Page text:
The City Council on Monday approved an ordinance designed to protect hotel workers laid off during the COVID-19 pandemic – easing their road to rehiring once the economic crisis passes and the hotels begin reopening and staffing up.
By a 5-3 vote, the council OK’d the measure, which “establishes recall provisions for certain hotel workers who have been laid off and when there is a change of ownership or control resulting from the COVID-19 pandemic.”
The ordinance applies to hotels and public lodging facilities that have 50 or more guest rooms or had more than $5 million in gross receipts in 2019.
It includes, among other points, a right-to-recall element for displaced workers and a worker-retention clause — the latter to protect employees in the event of a change in control of a hotel’s management.
Such protections have already been formalized by Los Angeles County and the cities of L.A., Santa Monica and Long Beach. But those other ordinances are wider in scope than Pasadena’s. The city’s ordinance covers only hotel workers, while the other ordinances include workers at airports, commercial properties and events centers.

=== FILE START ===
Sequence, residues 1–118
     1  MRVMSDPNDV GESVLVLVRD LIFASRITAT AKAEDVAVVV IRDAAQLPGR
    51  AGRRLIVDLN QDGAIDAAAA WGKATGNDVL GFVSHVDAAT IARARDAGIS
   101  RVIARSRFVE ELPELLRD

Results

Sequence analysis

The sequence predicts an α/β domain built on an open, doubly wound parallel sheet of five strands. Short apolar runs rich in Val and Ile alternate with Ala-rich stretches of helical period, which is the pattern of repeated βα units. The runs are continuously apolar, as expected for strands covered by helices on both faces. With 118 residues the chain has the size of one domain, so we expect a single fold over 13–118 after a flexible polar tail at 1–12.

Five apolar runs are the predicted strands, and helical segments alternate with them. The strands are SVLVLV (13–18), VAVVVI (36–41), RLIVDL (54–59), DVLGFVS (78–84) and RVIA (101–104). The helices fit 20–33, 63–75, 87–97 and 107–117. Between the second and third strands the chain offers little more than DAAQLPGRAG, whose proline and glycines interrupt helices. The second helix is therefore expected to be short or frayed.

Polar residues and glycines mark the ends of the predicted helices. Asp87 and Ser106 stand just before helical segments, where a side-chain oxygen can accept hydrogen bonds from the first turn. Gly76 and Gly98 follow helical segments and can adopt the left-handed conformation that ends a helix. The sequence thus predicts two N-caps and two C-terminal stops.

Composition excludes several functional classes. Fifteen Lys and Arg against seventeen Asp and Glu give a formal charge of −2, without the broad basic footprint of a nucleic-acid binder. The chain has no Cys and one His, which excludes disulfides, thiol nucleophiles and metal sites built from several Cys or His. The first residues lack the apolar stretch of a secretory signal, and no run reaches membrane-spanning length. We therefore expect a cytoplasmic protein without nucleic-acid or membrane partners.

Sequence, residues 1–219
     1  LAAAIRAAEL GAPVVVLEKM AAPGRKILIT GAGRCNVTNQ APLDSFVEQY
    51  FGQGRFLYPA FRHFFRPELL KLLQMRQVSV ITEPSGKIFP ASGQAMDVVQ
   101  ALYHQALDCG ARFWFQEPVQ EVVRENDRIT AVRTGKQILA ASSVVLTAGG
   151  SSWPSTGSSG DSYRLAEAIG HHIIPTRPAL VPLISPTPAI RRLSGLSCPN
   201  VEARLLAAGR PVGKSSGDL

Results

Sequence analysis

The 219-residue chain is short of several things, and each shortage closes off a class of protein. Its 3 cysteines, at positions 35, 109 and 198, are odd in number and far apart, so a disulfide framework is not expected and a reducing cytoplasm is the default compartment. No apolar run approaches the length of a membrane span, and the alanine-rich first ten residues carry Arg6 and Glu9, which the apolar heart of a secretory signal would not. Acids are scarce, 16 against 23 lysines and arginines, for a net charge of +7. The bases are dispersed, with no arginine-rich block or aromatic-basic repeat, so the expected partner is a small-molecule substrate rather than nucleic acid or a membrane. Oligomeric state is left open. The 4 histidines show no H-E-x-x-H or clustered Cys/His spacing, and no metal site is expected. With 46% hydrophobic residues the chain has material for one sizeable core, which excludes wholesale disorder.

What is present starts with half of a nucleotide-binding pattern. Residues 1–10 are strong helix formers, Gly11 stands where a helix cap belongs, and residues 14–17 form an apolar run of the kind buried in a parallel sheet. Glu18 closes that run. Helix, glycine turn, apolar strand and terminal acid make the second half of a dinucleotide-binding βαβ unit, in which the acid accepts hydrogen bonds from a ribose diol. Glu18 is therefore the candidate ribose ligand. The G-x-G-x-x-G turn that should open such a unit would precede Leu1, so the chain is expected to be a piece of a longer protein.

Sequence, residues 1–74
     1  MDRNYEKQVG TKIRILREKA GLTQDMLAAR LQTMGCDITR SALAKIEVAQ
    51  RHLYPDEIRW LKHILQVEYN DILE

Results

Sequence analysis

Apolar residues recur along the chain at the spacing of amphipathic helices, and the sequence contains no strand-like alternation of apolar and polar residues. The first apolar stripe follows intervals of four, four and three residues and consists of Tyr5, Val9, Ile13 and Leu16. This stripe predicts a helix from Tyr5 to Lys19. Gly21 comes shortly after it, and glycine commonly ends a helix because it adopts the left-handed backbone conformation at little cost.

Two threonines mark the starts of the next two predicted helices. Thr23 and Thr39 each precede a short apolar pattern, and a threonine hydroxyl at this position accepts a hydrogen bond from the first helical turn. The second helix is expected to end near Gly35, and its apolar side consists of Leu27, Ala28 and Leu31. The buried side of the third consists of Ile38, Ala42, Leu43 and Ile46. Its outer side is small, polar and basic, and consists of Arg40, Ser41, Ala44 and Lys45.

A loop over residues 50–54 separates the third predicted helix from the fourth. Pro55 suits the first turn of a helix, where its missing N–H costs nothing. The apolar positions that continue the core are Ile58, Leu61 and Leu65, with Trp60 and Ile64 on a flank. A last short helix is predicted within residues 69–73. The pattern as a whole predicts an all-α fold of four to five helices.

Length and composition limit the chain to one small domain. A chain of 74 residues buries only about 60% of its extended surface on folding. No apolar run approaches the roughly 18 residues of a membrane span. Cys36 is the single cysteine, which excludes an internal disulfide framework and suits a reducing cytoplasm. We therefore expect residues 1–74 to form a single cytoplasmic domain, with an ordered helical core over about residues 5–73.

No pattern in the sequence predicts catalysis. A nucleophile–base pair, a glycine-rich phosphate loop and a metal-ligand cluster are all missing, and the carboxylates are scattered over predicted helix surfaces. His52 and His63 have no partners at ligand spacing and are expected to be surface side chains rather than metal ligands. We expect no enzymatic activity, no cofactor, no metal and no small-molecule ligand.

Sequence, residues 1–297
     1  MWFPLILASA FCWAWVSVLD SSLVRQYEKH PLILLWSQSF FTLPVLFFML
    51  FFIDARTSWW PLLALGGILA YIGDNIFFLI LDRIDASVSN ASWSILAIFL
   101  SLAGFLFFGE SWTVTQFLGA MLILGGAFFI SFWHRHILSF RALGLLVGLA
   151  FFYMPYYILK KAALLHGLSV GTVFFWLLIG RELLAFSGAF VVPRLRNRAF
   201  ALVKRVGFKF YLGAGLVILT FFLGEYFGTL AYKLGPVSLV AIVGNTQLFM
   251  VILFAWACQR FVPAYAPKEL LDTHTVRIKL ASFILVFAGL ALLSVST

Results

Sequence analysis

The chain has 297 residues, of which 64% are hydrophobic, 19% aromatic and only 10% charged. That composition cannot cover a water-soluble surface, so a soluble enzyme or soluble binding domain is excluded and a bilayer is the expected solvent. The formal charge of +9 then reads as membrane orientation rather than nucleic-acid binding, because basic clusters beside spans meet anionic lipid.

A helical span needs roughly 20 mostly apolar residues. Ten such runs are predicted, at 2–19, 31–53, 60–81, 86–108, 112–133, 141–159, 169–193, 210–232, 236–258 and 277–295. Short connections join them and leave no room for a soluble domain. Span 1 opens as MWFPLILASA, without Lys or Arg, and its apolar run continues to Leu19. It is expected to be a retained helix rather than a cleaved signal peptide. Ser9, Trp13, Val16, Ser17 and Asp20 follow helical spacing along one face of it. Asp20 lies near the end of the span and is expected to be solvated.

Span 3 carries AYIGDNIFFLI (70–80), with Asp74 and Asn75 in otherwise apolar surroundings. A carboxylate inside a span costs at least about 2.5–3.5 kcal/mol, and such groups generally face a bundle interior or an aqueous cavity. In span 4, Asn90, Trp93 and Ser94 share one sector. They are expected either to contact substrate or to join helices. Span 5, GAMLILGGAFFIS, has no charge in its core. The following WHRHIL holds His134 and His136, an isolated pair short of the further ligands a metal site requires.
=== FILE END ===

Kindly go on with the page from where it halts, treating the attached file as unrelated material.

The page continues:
Councilmembers Gene Masuda, Andy Wilson and Margaret McAustin voted “no.”
Since this was the second reading of the ordinance, there were no comments from council members Monday, nor any further discussion of the matter.
Last month, however, Monday’s three “no” voters did detail reasons for their opposition.
McAustin, who actually abstained last month, had said that while she was “sympathetic” with the hotel workers, “I’m just not comfortable with us as a city government inserting ourselves between labor and management.’’
Wilson had said he was “generally reticent to be adding more responsibilities to the city … I want to be very cautious about expanding our scope into areas that I’m not sure we’ll be able to follow through on.’’
Masuda had questioned why hotel owners were being “singled out” when workers in other industries are also hard-hit. “Why are we forcing the hotels to hire these (employees) back?’’ he said. “That to me is a very important question, being an at-will state, and we’re forcing the hotel owners to do this.’’
“That is where I’m kind of having a difficult problem – with forcing hotels to bring their employees back and having no choice, especially when they’re saying (they are) planning to bring them back, and I believe them,’’ Masuda added.
The ordinance was also opposed by the hotel industry and the Pasadena Chamber of Commerce.
“The hospital industry is not struggling, it is withering,” wrote Paul Little, chamber president.
Per the ordinance, city staff will provide the council with a report as to the efficacy of the ordinance within 11 months of the lifting of the city manager’s declaration of emergency related to the COVID-19 pandemic.
The ordinance will sunset 12 months after expiration of the city manager’s declaration of emergency related to the COVID-19 pandemic.